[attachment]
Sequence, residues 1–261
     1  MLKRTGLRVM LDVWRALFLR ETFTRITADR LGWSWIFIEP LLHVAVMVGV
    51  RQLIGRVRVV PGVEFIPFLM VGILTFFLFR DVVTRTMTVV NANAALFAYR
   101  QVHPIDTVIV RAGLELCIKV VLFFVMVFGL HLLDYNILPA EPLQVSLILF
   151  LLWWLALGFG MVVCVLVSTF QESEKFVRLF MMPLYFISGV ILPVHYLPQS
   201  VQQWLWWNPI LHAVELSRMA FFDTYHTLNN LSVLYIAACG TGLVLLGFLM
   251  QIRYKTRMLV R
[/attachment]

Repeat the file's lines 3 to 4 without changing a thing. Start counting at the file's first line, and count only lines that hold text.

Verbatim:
    51  RQLIGRVRVV PGVEFIPFLM VGILTFFLFR DVVTRTMTVV NANAALFAYR
   101  QVHPIDTVIV RAGLELCIKV VLFFVMVFGL HLLDYNILPA EPLQVSLILF